The Twenty-second Sunday in Ordinary Time [B]
Deut 4:1-2,6-8 + Jas 1:17-18,21-22,27 + Mk 7:1-8,14-15,21-23
September 2, 2018
So the Pharisees and scribes questioned Him….
On Calvary, Jesus sacrificed His Body and Blood, soul and divinity for all mankind: not just for those who liked Him. This means that Jesus gave up His very self in sacrifice on the Cross in order that each of the scribes and Pharisees might enter Heaven.
So why did Jesus speak so boldly against the scribes and Pharisees in today’s Gospel passage? Why are the scribes and Pharisees wrong, when they seem to have the Book of Deuteronomy on their side? The Book of Deuteronomy, which is the fifth book of the Bible and the final book of the Jewish Torah, is set on the threshold of the death of Moses. It is the end of the Exodus, that forty-year trek from slavery in Egypt, through the wilderness of the Sinai desert, to the Promised Land of milk and honey.
The entire Book of Deuteronomy takes place on this side of the Jordan River, before the Israelites conclude their Exodus by entering the Promised Land. However, the Lord had decided that Moses, as punishment for his infidelities while leading the Exodus, would not be permitted to enter the Promised Land. But before he dies, Moses must proclaim the Law that God had entrusted to His care on Mount Sinai towards the beginning of the forty-year Exodus.
It’s in this setting that Moses in today’s First Reading makes clear that the Promised Land is Israel’s only on the condition that its people neither subtract from nor add to God’s commands. The result for being unfaithful to God is clear in the person who is speaking. That is, Moses is a living example—or more accurately, a dying example—of what happens to those who are unfaithful to God. God in effect is saying, “If you are unfaithful to my commands, which includes adding to or taking away from them, you will end up like this Moses: outside the Promised Land, which is to be dead.”
Given this, how ought we understand Jesus saying that the scribes and Pharisees need to change in order to follow Him? More to the point, do Jesus’ words against the scribes and Pharisees present a challenge to your own spiritual and moral life?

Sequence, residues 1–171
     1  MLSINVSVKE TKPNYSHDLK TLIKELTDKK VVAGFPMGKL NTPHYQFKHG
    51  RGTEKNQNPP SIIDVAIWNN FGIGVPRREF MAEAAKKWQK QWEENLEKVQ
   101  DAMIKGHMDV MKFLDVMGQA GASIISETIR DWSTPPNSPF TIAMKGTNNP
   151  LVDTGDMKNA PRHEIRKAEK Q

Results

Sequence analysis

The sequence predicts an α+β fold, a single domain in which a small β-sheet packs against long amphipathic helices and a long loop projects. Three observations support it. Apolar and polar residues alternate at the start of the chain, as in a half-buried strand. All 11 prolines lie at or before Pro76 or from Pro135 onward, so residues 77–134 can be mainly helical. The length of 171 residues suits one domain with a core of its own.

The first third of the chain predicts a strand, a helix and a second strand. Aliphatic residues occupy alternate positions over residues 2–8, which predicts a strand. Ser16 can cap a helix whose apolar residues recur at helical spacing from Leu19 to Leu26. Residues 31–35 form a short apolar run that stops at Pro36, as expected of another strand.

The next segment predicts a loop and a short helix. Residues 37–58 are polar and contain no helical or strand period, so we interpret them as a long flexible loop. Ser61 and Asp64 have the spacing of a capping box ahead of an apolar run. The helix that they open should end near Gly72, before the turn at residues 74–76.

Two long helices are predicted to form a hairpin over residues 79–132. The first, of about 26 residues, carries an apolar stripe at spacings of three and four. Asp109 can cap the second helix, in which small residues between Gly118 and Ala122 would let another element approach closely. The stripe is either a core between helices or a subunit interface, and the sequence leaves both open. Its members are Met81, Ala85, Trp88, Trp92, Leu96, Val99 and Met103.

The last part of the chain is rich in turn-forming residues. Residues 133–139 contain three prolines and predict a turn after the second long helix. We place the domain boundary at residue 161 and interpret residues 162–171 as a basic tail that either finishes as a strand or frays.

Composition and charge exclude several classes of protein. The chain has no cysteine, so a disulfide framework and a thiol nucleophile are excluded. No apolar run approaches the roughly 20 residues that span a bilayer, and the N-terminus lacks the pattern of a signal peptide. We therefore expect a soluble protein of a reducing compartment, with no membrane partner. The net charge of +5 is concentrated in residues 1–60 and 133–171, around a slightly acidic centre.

The simplest way to get at the “course correction” Jesus is demanding is to notice the contrast that Jesus speaks about. He quotes the Old Testament prophet Isaiah: “This people honors me with their lips, but their hearts are far from me” [Isaiah 29:13]. Jesus contrasts “lips” and “hearts”: one’s outer self with its actions, and one’s inner life of motives.
But notice that for Jesus, it’s not lips versus hearts. It’s the scribes and Pharisees who have in fact set up opposition between them. Jesus is pointing out that there is not meant to be opposition. There is meant to be integration of lips and hearts. The scribes and the Pharisees, however, are content with just giving lip service to God. It’s within this context that Jesus clarifies which human traditions and customs are in conformity with God’s Law.
We’re very good at cultivating action in our country. In fact, we’re a nation of Marthas. We define success by how many stacks of papers are on our desks, and the number of miles on our odometers. But where is the heart? How do we cultivate our hearts? We’re very good at cultivating perpetual motion in our lives and in our parishes, but how do we cultivate the hearts that the scribes and Pharisees were so uninterested in? How do we cultivate our hearts as the well-spring of all that we do? How can we be less like Martha and more like her sister Mary?
These are all important questions. At times, they’re difficult questions. But the single answer to each of these questions is the divine Person of Jesus Christ.